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5 July 2017

The Glob­al Class­room – an ini­tia­tive in the G20 Fi­nance Track

Global classroom

The Global Classroom initiative, which forms part of the G20 Finance Track, was launched in the German town of Baden-Baden on 17 March 2017 to coincide with the meeting of the G20 finance ministers and central bank governors. It focuses on the top priority of the German G20 presidency, namely to take responsibility for shaping a stable world now and in the future. The project aims to get young people involved in a dialogue on G20 financial issues. Students from Germany and other G20 member states can connect with each other via the interactive Global Classroom website. They have the option of working together on questions relating to G20 financial topics both in the classroom and online. The project will conclude with a student competition. The winners will travel to a special closing event in Hamburg in July 2017, which will take place at the same time as the G20 summit.

Prominent support from Germany and abroad

The Global Classroom project has received prominent support within Germany and abroad. One of the highlights of the online educational materials is an interview with Federal Minister of Finance Wolfgang Schäuble conducted by two students from Hamburg. Bundesbank President Jens Weidmann answered students’ questions about the spread of digital technology in another interview. Other distinguished experts who have supported the initiative by providing video interviews include Vanessa Rubio Márquez, Undersecretary of Finance and Public Credit at the Mexican finance ministry, the UK’s Mark Bowman, Director General at HM Treasury, and the economists Paul Collier of the University of Oxford and Alberto Alesina of Harvard University. The videos were published as part of the Global Classroom project and can also be viewed on the Finance Ministry’s dedicated website and on the Finance Ministry’s YouTube channel.

Infographic: The modules of the Global Classroom in the G20 Finance Track

Material

The focus of the Global Classroom project is on G20 financial topics. In addition, the participating students learn more about the fundamental importance of the G20 and how it works in practice. The materials are provided in the form of six modules that were produced for the Global Classroom project by the Joachim Herz Foundation, which specialises in teaching young people about economics in schools. Each module includes texts written by experts from the fields of politics, research and civil society as well as tasks that help the students review and apply what they have learned. The material in each module provides a general overview, while additional optional exercises allow students to examine the issues in greater depth. In this way, the course can be used by students with different levels and interests.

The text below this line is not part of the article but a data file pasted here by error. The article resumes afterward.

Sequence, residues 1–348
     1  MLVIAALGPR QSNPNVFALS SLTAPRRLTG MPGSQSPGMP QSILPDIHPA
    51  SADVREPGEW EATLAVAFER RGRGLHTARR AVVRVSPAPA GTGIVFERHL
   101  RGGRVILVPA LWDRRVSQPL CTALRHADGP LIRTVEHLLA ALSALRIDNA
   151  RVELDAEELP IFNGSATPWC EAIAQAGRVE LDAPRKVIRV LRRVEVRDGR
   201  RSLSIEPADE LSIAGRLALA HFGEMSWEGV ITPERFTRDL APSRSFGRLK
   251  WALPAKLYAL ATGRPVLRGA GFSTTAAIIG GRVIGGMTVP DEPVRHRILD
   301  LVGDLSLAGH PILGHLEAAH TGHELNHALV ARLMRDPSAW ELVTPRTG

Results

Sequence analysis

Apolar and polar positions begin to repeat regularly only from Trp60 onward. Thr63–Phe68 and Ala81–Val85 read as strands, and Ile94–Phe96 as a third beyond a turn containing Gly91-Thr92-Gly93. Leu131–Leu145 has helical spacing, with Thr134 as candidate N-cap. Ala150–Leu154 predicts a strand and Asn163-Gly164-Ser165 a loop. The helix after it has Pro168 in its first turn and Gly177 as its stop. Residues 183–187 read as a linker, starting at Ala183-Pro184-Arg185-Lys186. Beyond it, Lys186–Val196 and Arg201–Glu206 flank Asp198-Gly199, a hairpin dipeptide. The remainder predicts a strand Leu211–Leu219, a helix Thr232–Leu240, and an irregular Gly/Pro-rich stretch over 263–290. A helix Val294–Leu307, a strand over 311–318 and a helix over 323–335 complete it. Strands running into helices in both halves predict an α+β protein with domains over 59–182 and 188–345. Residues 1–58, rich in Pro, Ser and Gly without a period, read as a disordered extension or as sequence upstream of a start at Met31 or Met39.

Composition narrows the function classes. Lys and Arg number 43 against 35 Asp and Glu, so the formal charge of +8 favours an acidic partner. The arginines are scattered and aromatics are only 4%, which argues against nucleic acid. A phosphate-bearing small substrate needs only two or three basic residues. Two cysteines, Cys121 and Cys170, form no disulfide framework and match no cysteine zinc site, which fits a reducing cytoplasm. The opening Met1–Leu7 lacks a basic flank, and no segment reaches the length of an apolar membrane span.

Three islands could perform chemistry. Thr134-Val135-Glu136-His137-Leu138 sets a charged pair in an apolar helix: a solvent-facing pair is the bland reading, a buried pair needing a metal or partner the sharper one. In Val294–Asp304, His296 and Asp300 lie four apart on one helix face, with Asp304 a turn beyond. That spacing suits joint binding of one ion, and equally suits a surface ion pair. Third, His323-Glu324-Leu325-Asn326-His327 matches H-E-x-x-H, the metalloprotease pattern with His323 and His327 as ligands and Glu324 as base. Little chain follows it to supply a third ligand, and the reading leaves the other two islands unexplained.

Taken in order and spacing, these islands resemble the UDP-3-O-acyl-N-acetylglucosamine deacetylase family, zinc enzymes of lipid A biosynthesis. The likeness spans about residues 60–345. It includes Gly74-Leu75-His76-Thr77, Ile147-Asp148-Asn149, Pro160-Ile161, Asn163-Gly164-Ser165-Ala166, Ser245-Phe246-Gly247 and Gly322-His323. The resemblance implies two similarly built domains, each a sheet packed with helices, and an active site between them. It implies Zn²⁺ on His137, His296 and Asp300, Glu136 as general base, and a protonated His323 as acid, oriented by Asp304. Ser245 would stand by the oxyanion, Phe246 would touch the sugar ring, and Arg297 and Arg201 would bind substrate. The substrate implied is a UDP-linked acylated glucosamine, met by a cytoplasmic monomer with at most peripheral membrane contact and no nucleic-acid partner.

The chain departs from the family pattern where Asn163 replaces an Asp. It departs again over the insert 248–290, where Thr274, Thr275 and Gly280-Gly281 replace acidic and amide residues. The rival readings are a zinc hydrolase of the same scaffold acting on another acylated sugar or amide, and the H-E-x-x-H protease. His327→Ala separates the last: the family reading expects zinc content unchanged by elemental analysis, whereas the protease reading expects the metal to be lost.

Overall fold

In addition to the individual modules, the students can also take part in online discussions on the course tasks and on topics of their own choosing in the “Global Conference Room”. Employees of the Joachim Herz Foundation and of the Federal Ministry of Finance are available during “online office hours” to provide information about the course materials. At the end of the course, participating students will receive a “Certificate of Financial Expertise”. The teachers who took part will also receive confirmation that they supported a group of students as part of the Global Classroom project (see figure 1).

More than 750 students registered for the project. As expected, the best-represented country was Germany. Students from other countries in Europe, Asia, North America, South America and Africa also participated.

Infographic: Where the Global Classroom participants come from

Student competition

The Global Classroom project will culminate in a competition for the participating students. The students were invited to send in English-language entries in a format of their choice (for example, an essay, video or poster) by the end of May 2017. The competition entry had to focus on one of the following two questions:

  • Global challenges require global solutions. Do you agree or disagree, and why?
  • Why is the spread of digital technology an important issue for the G20?

The response to the competition has been very encouraging, with entries received from 14 countries. A high-level jury comprising representatives of the Joachim Herz Foundation, the Federal Ministry of Finance and the Deutsche Bundesbank selected the best entries. The winners are invited to a special event in Hamburg on 5–9 July 2017, which will coincide with the G20 summit. In Hamburg, the students will take part in a varied programme, meet students from other participating countries, and discuss their ideas with international experts and decision-makers.

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